Wednesday, January 18, 2012

Divine Chocolate...

“Chocolate is a divine, celestial drink, 
the sweat of the stars, 
the vital seed, 
divine nectar, 
the drink of the gods, 
panacea and universal medicine.”
 ~ Geronimo Piperni

The magic & mysticism behind the world's most sacred food...

Although I'm not of Mayan descent, I still appreciate the cultural origins that have inspired centuries of variations on the traditional food of the Gods of Mayan tradition, and just to celebrate this, I have been experimenting with some of the not-so-sweet versions of a Mayan chocolate drink with chili, as is deemed to be truer to the sense of the Maya, and less of the European or Colonial senses.  Please share in this celebration!

Unsweetened Chocolate - 3 1/2 oz., chopped
USDA Organic Agave, 1 - 4 tbspn
Chili Powder - Ancho, 1 - 3 tbspn
Vanilla, 1/4 tspn

Heat & whisk the chocolate chunks until melted
(and yes, you do need to chop up the chocolate first!)

Slowly add a cup and a half of water while stirring over low heat.

Add in the remaining ingredients...

~Chili Powder

This is all to taste, of course, and is purely a matter of preference 
regarding sweetness & spice

Valrhona chocolate is definitely a favorite of most chefs, but I prefer using products that are allied with environmentally friends organizations when possible, such as Vintage Plantations Artisanal Chocolate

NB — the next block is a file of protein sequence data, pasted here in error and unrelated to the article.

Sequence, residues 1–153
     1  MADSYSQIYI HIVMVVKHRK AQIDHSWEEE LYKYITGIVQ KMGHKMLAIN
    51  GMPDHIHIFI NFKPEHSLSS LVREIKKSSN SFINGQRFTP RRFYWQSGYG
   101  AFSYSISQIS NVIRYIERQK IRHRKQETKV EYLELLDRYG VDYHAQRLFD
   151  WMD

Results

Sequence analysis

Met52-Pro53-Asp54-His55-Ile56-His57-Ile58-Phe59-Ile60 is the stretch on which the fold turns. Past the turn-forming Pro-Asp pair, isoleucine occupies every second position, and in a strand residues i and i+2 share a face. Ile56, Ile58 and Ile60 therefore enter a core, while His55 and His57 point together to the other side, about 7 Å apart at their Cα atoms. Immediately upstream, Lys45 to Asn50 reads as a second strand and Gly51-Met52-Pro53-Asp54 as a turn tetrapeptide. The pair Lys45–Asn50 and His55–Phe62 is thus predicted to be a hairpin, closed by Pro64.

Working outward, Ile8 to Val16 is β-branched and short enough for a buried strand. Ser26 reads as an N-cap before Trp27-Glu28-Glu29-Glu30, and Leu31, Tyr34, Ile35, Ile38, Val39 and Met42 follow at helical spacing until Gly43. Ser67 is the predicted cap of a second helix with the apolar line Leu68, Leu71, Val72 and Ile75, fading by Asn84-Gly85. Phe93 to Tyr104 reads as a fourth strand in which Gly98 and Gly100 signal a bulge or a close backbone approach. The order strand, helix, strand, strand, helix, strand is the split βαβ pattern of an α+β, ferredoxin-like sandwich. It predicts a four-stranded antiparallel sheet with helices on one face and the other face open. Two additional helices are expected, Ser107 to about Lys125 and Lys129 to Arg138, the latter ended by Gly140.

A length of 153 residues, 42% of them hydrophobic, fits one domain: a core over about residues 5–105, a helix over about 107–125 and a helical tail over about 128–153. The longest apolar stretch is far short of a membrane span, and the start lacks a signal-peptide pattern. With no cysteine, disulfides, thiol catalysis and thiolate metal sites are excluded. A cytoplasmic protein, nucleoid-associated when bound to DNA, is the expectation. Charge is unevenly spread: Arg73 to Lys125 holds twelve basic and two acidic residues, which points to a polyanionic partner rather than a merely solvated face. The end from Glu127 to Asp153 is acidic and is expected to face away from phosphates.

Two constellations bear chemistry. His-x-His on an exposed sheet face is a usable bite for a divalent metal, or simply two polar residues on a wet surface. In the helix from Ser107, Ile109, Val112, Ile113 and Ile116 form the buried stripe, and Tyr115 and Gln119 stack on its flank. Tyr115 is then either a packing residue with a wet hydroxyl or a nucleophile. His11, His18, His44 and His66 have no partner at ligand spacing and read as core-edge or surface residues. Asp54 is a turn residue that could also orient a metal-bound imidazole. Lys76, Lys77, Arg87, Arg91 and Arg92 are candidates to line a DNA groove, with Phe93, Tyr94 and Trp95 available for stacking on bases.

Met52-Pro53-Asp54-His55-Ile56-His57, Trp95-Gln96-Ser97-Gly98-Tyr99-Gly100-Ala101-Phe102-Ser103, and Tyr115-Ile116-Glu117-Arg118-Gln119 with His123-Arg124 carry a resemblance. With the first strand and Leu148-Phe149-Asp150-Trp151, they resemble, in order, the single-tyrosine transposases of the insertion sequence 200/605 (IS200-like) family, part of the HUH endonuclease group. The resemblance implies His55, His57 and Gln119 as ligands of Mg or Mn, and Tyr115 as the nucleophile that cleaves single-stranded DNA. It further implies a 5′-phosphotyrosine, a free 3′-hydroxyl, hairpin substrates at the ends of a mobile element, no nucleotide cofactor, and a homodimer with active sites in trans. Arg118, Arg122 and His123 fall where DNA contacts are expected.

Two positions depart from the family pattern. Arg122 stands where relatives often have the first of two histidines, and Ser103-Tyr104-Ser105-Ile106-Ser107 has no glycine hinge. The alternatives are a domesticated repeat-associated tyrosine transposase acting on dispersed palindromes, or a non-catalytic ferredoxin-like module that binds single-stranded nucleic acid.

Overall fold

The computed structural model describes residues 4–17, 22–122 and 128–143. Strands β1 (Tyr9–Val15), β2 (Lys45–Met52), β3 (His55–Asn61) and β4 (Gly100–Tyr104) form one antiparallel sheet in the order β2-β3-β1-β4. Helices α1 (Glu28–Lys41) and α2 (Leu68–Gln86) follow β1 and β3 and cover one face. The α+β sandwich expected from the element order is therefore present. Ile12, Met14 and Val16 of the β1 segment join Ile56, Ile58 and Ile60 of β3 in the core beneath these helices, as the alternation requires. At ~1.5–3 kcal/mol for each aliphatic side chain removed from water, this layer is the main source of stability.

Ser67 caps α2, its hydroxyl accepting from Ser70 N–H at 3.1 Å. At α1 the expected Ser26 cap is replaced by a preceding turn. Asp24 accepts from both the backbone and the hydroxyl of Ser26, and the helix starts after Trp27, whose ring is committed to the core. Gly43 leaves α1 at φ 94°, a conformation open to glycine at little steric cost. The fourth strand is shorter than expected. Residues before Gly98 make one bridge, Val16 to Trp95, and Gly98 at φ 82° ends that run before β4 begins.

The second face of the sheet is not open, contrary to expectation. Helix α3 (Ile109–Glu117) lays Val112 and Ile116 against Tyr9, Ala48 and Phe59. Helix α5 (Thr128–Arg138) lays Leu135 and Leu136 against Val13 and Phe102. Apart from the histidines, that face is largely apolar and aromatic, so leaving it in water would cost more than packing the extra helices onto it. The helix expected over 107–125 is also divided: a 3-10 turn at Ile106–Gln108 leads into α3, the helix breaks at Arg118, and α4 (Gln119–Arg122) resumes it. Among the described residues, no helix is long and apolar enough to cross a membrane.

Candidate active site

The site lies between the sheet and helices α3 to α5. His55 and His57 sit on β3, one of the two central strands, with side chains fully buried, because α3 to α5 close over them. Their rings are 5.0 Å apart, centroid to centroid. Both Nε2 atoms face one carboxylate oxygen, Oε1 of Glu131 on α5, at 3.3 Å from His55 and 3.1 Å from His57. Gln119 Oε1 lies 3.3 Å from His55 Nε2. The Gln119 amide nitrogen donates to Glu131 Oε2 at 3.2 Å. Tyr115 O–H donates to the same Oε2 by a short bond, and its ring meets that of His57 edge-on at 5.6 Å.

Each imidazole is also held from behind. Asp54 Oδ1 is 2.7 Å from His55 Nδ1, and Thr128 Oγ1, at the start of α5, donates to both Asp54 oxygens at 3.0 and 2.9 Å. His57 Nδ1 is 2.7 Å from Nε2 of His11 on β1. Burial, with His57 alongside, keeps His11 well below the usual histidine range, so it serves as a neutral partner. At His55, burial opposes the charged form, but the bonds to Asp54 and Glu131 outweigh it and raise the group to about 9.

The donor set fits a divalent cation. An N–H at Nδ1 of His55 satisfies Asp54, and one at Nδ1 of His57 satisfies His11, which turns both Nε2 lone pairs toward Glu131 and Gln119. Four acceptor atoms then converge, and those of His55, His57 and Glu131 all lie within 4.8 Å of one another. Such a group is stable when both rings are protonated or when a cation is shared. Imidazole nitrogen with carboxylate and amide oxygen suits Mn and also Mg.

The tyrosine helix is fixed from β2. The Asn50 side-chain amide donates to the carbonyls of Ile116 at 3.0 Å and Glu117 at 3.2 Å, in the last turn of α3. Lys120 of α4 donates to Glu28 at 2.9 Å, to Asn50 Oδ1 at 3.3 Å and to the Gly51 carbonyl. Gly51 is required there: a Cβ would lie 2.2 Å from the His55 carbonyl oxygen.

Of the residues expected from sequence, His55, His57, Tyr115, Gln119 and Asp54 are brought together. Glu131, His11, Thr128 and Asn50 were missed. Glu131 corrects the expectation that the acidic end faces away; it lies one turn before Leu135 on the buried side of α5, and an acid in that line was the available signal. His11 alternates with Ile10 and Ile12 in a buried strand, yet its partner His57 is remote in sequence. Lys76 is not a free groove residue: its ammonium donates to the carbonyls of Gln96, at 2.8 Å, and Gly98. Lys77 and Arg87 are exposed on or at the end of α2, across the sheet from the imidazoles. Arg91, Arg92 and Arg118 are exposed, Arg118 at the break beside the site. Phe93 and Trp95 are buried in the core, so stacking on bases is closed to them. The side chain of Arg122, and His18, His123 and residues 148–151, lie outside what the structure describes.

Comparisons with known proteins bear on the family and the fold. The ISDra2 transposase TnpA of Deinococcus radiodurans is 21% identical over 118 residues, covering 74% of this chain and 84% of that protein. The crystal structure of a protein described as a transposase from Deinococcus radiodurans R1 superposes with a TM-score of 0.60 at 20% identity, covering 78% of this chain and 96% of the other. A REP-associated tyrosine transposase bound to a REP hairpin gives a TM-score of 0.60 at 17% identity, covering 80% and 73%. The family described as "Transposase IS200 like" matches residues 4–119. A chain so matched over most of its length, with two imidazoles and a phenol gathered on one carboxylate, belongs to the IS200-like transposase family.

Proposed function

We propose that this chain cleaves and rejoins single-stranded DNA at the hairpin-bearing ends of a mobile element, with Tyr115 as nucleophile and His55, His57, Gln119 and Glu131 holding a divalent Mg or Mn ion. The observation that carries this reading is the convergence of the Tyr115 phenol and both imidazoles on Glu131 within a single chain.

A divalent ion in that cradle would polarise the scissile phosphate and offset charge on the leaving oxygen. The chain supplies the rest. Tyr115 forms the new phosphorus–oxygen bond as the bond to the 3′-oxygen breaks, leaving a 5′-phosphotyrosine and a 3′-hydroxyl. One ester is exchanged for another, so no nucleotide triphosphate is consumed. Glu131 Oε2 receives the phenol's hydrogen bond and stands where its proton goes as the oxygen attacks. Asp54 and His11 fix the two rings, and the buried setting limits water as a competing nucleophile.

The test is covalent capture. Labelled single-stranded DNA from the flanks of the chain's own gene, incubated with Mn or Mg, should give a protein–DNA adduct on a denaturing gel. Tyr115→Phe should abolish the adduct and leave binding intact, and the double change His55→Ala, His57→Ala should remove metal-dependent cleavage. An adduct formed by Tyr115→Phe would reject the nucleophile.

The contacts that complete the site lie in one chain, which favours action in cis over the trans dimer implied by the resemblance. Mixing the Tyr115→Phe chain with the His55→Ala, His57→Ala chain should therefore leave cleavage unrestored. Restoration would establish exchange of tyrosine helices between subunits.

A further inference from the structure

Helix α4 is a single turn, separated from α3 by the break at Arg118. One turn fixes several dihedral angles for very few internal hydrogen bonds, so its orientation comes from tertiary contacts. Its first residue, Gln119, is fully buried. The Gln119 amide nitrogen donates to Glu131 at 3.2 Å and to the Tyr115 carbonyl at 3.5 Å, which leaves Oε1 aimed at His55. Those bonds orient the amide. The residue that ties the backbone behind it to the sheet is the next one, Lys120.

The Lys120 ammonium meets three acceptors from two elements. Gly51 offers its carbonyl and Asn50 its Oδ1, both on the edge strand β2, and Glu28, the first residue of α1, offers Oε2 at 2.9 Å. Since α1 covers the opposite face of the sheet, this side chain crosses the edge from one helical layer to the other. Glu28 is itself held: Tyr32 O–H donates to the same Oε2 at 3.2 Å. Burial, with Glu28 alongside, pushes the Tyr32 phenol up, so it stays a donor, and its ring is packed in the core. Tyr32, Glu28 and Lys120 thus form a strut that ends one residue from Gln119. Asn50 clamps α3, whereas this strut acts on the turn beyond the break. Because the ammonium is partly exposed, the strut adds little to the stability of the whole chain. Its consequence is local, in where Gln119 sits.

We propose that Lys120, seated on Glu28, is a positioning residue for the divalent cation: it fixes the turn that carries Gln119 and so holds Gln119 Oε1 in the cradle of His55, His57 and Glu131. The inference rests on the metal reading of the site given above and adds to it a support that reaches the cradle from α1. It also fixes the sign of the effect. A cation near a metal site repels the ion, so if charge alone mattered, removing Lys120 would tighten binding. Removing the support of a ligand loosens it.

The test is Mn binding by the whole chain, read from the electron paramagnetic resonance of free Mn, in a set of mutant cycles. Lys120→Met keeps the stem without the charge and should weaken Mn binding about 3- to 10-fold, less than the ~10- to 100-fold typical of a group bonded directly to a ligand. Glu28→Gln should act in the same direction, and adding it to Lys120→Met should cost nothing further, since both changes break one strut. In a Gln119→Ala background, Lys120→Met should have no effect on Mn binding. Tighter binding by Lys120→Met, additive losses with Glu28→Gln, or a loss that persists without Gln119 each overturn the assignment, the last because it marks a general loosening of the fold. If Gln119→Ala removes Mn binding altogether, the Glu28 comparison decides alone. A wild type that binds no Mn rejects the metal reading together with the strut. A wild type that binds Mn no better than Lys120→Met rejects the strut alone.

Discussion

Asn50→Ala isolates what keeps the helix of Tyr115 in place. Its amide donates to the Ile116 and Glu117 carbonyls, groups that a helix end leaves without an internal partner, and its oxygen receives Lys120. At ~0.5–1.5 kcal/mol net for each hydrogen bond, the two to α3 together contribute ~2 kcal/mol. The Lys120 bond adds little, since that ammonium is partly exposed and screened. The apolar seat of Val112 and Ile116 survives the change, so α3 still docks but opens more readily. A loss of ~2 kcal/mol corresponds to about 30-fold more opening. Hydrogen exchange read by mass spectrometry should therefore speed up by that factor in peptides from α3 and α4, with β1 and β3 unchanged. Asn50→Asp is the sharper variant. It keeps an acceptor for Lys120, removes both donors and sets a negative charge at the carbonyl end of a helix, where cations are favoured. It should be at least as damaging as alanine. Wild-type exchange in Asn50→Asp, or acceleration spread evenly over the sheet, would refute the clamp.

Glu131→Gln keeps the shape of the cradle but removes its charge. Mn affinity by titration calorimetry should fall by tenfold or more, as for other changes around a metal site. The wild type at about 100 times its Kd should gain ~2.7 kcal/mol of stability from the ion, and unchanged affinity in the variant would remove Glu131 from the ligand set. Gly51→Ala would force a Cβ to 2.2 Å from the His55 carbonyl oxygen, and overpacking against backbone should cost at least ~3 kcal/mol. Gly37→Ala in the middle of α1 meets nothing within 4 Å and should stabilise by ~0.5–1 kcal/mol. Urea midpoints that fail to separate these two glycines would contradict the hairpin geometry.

and so I always want to see if I am able to replicate something just as delicious and presentable... 
but the brand is entirely up to the chef!  

Agave is a natural sweetener that I prefer to use in drinks 
due to its not so potent flavor as well as health benefits!

Chili Powder is varied in degrees of hotness!  Proceed with caution!

To make chili powder from scratch, lightly toast chili peppers in dry skillet for 5 - 10 minutes, 
cool, discard seeds, then grind by hand with a mortar & pestle, or blend in a spice grinder.

Vanilla extract may be used, or vanilla bean... again, preference reigns!

Mexican legend says that should a woman make a fair amount of foam for her hot chocolate, she would reap the rewards of a wonderful mate.  The mother of the prospective suitor would be the judge of the froth. The tool that has been passed on from these women is the molinillo, which kind of looks like some sort of implement for giving a back massage, but alas, is the refined creation of those resourceful ancients for producing the best froth in town!  Of course froth is not necessary, but does make for an extra special treat!

“I believe that being happy is the only important thing. 
Simple as a glass of chocolate or torturous as the heart. 
Bitter. Sweet. Alive.” 
Joanne Harris, 'Chocolat'

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